Adolescent sexuality has been at the forefront of the recent “Culture Wars,” as is clear from the many news stories and political battles over issues such as sex education, teen pregnancy and STDs, Child Sexual Abuse, enhanced legal regulation of sex offenders, pedophiles on the internet, “sexting” and child pornography. On the one hand adolescents today are more sexually mature than at most historical periods: physical puberty occurs ever earlier (Moller, 1987), while children’s capacity to access the same media as adults grows ever more sophisticated. Already in 1982, Neil Postman presciently observed that electronic media had obliterated the historical technological superiority of literate adults relative to not‐yet‐fully-literate children (Postman, 1982). At that point, he was thinking mainly of television, but his observation has become even more true in the digital age, when adolescents are often the ones teaching their parents and grandparents. 1982 had not yet grasped what would be the ubiquity of MTV or cheap, highly graphic visual pornography in many parents’ closets, or if not there, on their kids’ computer screens. Children have become the most clever at accessing media at precisely the time when popular media culture is more saturated with verbal, musical, and visual images of sexuality than ever before.

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Matthew Screech, Susan Slyomovics, Armelle Blin-Rolland, and Ana Merino

evening panel discussing Hergé’s legacy for the digital age with Michael Farr, Paul Gravett and others brings Tintin scholarship up to date. What is more, there are plenty of previously unpublished exhibits to satisfy hardened Tintinophiles. These include

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Anne Magnussen

criticism. In ‘Social Criticism through Humour in the Digital Age: Multimodal Extension in the Works of Aleix Saló’, Javier Muñoz-Basols and Marina Massaguer Comes analyse how the comics artist Saló uses different media in his critical, humorous and

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Instrumentalising Media Memories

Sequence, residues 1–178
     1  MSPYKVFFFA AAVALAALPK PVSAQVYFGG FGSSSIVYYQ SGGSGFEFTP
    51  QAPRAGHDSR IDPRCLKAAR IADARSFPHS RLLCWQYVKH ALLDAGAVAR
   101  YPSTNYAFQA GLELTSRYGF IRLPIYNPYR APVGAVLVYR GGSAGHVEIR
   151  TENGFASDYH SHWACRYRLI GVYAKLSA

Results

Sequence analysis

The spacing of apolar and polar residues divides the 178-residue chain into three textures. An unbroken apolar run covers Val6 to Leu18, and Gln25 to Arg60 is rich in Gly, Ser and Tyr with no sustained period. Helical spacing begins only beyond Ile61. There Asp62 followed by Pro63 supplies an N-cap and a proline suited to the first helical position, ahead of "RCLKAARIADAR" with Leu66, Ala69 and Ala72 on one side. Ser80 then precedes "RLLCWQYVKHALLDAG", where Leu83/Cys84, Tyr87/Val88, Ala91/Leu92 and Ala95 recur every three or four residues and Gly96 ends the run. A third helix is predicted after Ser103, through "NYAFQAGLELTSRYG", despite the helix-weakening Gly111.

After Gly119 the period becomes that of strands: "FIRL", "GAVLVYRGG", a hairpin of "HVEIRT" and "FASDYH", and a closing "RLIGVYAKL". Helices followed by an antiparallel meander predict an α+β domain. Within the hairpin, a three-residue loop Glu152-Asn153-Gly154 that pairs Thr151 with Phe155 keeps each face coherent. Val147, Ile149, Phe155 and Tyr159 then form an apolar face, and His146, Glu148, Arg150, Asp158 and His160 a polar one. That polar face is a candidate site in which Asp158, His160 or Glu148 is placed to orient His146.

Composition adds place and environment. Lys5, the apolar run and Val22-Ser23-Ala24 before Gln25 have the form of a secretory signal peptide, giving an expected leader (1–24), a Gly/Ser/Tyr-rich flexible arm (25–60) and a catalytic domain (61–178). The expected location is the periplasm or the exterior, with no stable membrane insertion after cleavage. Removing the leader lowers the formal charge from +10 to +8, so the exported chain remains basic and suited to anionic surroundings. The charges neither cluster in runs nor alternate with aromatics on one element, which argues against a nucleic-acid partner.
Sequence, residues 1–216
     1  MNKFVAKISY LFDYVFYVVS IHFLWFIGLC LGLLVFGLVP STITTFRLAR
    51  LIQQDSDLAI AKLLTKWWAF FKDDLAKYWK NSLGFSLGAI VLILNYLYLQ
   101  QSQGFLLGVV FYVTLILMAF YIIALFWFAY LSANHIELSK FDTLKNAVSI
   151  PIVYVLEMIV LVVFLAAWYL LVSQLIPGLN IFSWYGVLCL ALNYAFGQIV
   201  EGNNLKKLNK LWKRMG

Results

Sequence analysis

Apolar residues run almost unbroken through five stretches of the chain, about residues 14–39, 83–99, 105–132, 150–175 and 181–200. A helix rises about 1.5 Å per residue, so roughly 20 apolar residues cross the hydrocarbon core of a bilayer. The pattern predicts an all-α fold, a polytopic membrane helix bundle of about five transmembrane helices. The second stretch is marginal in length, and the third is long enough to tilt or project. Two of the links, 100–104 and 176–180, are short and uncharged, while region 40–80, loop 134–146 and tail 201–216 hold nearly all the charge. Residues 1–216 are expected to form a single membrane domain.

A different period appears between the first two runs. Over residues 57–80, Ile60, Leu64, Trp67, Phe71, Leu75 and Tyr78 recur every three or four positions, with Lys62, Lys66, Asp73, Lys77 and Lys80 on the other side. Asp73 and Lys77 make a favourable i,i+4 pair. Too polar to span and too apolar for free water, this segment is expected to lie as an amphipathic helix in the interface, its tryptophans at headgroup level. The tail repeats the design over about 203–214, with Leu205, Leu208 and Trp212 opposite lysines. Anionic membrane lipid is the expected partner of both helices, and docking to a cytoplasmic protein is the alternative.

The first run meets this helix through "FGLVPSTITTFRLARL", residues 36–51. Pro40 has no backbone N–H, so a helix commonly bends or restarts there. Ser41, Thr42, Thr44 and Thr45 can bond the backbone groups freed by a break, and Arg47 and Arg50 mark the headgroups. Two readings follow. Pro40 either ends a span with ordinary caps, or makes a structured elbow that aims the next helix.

The Second World War According to Achtung Zelig! (2004)

Maaheen Ahmed

, 2011). 10 José van Dijck, Mediated Memories in the Digital Age (Stanford, CA: Stanford University Press, 2007), 2. 11 Thierry Smolderen, The Origins of Comics: From William Hogarth to Winsor McCay , trans. Bart Beaty and Nick Nguyen (Jackson

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J. Cammaert Raval

-standing Luo-Kikuyu power politics; and how an uncut man, once discovered, can face immediate emasculation by his community. Forced circumcisions of the uncut have taken on new forms in the digital age, as the sensationalized Twitter handle #gocutmyhusband has

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Online Documents of India’s Past

Digital Archives and Memory Production

Katja Müller

. Princeton, NJ : Princeton University Press . Frisch , Michael , and Douglas Lambert . 2012 . “ Mapping Approaches to Oral History Content Management in the Digital Age .” In Oral History in the Digital Age , ed. Doug Boyd , Steve Cohen , Brad

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Integrating Research and Collections Management

The Ho‘omaka Hou Research Initiative at the Bishop Museum

Mara A. Mulrooney, Charmaine Wong, Kelley Esh, Scott Belluomini, and Mark D. McCoy

collaborative research efforts with these collections address the challenges of bringing archaeological collections into the digital age, and we hope that this work prompts archaeologists working in academia and commercial archaeology to start thinking about